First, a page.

In June 1998, Security Life drafted a letter to Coors notifying him of the discrepancy. Security Life enclosed a new schedule page reflecting the $.90 expense charge and also enclosed a policy face page that contained the same date and twenty-day review provision as the original face page. The letter and enclosures were mailed to 192 UL policy holders, including Coors, on July 2, 1998.
Coors received the letter July 6, 1998. On the same day, he requested a rescission of his policy and demanded a refund of all premiums paid, with interest, from the inception of the policy. Security Life informed Coors that the letter neither required action on his part nor triggered a new twenty-day review period. When Security Life refused to honor the right to return contained on the face page, Coors requested a surrender of his policy and demanded payment. Security Life issued Coors a check for $667,025.03; the surrender value of his policy less a termination penalty of $111,966.93.
Coors then filed an action against Security Life for breach of contract, bad faith breach of contract, fraud, violation of the Colorado Consumer Protection Act ("CCPA"), section 6-1-101, et seq., C.R.S. (2004), and punitive damages.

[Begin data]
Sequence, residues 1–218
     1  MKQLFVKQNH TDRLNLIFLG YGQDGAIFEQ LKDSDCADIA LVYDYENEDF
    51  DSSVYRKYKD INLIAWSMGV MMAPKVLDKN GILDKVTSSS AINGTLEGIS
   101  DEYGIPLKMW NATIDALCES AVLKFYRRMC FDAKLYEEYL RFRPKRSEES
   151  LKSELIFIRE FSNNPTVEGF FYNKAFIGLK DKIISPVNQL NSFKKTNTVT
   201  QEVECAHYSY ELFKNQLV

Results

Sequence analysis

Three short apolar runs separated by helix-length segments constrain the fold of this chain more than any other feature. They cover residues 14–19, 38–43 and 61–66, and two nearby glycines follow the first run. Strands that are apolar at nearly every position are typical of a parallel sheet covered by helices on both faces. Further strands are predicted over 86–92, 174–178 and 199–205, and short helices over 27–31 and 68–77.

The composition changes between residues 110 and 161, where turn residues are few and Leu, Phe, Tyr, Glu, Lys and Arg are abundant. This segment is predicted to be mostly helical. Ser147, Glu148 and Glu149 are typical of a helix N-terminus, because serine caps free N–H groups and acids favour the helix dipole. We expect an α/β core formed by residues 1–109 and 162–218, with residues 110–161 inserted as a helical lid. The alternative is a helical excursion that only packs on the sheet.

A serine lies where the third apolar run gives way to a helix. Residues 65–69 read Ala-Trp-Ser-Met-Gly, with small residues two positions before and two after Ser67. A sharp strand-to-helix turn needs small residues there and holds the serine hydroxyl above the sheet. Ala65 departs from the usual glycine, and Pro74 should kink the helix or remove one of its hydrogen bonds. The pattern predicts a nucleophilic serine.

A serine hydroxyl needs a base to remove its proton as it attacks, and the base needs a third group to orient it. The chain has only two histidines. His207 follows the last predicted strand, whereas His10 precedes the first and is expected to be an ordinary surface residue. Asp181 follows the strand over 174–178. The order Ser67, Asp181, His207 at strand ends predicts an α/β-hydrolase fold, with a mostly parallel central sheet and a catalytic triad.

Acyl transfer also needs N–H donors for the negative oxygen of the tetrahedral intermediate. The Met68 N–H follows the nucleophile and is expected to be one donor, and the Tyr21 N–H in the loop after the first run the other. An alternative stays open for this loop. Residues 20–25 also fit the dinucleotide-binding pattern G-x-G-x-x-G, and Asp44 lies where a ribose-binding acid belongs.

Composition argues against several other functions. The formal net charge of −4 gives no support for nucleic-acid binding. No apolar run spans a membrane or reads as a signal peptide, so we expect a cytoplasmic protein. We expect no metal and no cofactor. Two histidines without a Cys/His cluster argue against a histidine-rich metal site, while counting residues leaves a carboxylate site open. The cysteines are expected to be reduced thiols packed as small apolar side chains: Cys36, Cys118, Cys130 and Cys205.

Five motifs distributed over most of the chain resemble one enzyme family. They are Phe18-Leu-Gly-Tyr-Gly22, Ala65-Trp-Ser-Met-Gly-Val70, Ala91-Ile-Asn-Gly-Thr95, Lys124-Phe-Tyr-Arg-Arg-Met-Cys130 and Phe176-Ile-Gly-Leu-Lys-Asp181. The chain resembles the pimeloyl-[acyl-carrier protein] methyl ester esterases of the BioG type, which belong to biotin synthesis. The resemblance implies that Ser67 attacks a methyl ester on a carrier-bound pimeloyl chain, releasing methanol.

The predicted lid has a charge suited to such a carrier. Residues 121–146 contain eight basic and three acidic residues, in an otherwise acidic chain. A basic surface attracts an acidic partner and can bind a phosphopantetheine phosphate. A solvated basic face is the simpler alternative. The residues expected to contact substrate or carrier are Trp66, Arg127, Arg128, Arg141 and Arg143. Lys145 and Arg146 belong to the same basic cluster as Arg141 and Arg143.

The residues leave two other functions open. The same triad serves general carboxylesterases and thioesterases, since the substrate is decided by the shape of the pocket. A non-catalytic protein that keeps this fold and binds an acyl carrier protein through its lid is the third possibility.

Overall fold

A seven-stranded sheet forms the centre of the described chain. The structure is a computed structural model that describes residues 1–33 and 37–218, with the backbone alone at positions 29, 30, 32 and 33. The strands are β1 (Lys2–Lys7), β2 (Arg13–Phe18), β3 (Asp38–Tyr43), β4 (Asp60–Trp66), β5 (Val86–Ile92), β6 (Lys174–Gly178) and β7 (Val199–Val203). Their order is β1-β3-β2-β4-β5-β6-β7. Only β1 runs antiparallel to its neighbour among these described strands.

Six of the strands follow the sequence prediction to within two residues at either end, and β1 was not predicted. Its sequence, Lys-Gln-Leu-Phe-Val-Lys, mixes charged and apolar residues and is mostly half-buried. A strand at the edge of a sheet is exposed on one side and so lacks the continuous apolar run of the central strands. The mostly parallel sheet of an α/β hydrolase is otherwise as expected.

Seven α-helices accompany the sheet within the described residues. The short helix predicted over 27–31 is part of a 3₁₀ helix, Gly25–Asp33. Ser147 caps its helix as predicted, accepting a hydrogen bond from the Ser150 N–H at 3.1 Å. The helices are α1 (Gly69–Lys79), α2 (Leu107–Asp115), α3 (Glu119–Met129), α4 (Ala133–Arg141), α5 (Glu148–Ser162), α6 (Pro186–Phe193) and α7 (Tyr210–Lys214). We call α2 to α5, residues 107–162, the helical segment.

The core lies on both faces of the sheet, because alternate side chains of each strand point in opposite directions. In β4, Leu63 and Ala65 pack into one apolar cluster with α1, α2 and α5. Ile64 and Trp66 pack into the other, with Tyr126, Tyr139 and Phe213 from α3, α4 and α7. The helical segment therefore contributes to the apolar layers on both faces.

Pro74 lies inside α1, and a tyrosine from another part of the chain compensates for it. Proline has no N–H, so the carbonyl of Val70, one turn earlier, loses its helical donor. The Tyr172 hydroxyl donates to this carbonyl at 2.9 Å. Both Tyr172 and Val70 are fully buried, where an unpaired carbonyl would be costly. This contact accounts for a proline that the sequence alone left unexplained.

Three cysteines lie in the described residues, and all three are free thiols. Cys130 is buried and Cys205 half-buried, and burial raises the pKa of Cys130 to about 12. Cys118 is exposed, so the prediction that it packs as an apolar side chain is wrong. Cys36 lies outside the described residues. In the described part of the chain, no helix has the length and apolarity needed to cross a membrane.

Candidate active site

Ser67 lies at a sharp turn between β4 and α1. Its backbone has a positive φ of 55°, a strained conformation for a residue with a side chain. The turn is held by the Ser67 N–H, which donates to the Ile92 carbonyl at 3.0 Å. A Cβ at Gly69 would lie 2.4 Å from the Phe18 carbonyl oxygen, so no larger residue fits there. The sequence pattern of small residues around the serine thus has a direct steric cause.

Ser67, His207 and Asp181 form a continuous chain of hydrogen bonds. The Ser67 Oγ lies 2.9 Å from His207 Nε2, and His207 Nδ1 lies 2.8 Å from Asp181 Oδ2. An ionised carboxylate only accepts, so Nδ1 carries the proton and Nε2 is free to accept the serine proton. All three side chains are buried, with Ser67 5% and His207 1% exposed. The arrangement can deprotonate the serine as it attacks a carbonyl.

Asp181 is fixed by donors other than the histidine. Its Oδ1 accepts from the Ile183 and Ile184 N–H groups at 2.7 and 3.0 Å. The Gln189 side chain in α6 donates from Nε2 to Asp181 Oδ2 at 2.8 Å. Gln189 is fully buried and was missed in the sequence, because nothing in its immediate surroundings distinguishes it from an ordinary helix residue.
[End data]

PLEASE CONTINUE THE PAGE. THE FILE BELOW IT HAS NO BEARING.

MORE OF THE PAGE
A bench trial was held in the Jefferson County District Court. The trial court ruled in favor of Coors on all counts and awarded Coors $1,085,506.73 in total damages, which included treble damages, attorney fees and interest pursuant to the CCPA.
The trial court delineated ten grounds for a finding of deceptive trade practices and also concluded that a violation of the Unfair Competition Deceptive Practices Act, section 10-1-101 et seq., C.R.S. (2004), is a per se violation of the CCPA.
The court of appeals reviewed the trial court's decision, affirming in part, reversing in part and remanding the case for further proceedings. The court of appeals applied the test set forth in Martinez v. Lewis, 969 P.2d 213 (Colo. 1998), and found that public impact was not proven as a matter of law because an impact on "at most one percent of the policyholders could not constitute public impact;" the challenged conduct was private in nature; Coors was a sophisticated businessman accompanied by counsel during the sales process for the policy; and there was insufficient evidence before the trial court regarding any impact on other policyholders.
The court of appeals reviewed seven issues:
(1) Whether Security Life's challenged conduct constituted a violation of the CCPA.
(2) Whether Security Life was entitled to reformation.
(3) Whether Security Life's use of the $.90 expense charge constituted a material breach.
(4) Whether Security Life was entitled to a termination penalty upon Coors tendering his policy.
(5) Whether Security Life's conduct with respect to the 1997 premium payment constituted fraud by omission.
(6) Whether there is a basis for awarding punitive damages.